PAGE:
Vaping Use Increasing Among Utah Teens
SALT LAKE CITY, Utah – Vaping and use of e-cigarettes has exploded among teens this past year, surging faster than any other substance one national survey has tracked over more than four decades.
Twice as many high school students nationwide used electronic cigarettes with nicotine this year compared to last year, and Utah has seen a similar surge. That’s according to a nationwide survey of teen smoking, drinking and drug use over 44- years.
While use of alcohol, cigarettes and opioids have declined, the spike in use of e-cigarettes is the largest single-year jump in the survey’s four-decade history.
“I used to smoke a lot of cigarettes,” said Orem resident Jeffery Andrews, who stopped smoking cigarettes and switched to vaping.
He said he feels a lot better about vaping.
“The flavor of it, and gets you that nicotine buzz,” said Jeffrey Andrews. “A little safer than cigarettes I suppose.”
Andrews was old enough to buy vape products. The owner of the store where he shops said he makes sure with every customer. He cards every customer to make sure they’re 19.
“My point of sale system will not even make a sale if an ID is not scanned,” said Juan Bravo, the store owner and president of the Utah Vapor Business Association.
Bravo said he keeps a record of every transaction to verify it is legal.
“I see the value in this product, but it is an adult product for adult smokers,” he said.
Bravo represents 15 other store owners as president of the Utah Vapor Business Association. He said they started to association in 2017 to make sure legitimate vape businesses have a voice in future legislation.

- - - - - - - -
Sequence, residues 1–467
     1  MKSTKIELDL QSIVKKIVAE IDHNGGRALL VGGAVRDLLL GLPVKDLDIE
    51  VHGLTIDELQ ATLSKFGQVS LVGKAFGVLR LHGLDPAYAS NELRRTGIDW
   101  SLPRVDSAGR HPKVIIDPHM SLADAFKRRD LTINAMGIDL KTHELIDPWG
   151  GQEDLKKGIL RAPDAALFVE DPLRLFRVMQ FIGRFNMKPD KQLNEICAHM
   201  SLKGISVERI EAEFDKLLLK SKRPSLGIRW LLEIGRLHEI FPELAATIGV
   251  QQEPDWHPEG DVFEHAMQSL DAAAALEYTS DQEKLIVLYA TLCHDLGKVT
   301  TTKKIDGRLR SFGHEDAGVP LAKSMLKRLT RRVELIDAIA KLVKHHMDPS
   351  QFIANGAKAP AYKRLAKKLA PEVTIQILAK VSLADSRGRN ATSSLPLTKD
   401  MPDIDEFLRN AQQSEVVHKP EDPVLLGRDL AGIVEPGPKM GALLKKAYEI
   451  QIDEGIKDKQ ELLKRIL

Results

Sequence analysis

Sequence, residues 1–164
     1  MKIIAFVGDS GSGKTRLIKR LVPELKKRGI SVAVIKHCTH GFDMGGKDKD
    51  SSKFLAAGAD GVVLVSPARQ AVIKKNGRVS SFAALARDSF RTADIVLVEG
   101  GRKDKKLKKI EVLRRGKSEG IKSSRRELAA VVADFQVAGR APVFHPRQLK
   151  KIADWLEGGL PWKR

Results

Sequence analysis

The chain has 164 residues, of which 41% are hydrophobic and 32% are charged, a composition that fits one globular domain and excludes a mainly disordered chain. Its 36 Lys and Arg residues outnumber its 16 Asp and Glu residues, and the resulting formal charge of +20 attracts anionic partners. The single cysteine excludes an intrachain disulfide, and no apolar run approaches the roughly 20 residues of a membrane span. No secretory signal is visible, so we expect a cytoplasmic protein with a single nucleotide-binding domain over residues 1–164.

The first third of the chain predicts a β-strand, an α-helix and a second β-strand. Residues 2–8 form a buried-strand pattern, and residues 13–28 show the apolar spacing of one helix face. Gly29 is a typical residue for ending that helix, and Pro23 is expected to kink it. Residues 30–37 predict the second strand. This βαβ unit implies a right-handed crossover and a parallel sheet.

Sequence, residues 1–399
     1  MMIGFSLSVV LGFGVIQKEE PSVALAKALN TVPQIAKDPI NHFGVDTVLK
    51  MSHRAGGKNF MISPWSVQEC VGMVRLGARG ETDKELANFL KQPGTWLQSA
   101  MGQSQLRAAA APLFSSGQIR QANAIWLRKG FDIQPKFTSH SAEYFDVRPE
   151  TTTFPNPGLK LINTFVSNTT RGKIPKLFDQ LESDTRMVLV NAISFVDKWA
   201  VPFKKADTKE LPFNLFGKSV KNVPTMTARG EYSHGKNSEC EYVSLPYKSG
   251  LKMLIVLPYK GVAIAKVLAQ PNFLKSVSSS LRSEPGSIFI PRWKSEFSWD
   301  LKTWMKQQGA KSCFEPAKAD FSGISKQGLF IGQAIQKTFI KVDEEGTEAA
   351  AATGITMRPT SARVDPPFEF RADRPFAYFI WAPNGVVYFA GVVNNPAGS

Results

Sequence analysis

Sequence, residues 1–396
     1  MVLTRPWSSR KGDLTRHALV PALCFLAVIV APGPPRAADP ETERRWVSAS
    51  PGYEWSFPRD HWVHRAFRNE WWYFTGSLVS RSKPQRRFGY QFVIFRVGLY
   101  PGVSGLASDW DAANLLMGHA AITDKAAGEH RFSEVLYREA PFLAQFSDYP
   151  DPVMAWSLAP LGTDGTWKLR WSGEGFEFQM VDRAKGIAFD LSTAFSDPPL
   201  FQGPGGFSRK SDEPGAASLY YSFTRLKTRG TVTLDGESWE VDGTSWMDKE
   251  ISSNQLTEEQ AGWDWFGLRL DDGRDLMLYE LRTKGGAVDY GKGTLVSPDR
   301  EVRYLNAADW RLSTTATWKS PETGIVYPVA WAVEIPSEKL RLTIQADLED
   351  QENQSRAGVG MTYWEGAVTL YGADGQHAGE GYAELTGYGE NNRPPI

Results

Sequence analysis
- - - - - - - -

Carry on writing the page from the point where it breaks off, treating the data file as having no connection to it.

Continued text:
“(We’re) heavily fighting to implement sensible legislation to keep these products out of the hands of kids,” he said.
The federally funded survey from University of Michigan researchers found one in five high school seniors reported vaping nicotine in the previous month.
“I was shocked to hear that the numbers were as high as they were,” said Ryan Bartlett, media coordinator of the Tobacco Prevention and Control Program with the Utah Department of Health.
Bartlett said he has seen a similar trend in Utah.
In Utah last year, more than 10 percent of 8th, 10th and 12th graders reported using e-cigarettes in the last month, while more than 23 percent said they had tried vaping at least once.
With a legal limit of age 19 to buy vaping products, officials have asked how kids are getting them?
Bartlett said teens are getting e-cigarettes, or stealing them, from older friends or parents.
“Or, they’ll have somebody go into these shops and buy them for them,” he said.
One of the problems for parents or other adults is trying to detect some e-cigarettes.
“The fact (is) that they are disguised, and so easy to conceal,” said Bartlett.
Some e-cigarettes resemble computer flash drives and cannot be easily detected. Bravo said he longer sells those kinds of products in his store.
“It was when those devices started being sold in gas stations, convenient stores, and places like that that you saw a spike in youth use,” he said.
Bartlett said e-cigarette use has risen to become the biggest issue in the tobacco prevention program.
“They are becoming increasingly more so,” Bartlett said. “That’s one of the biggest things that we’re addressing right now.”
Overall, regular cigarette smoking in Utah has declined about 10 percent over the last 20 years.
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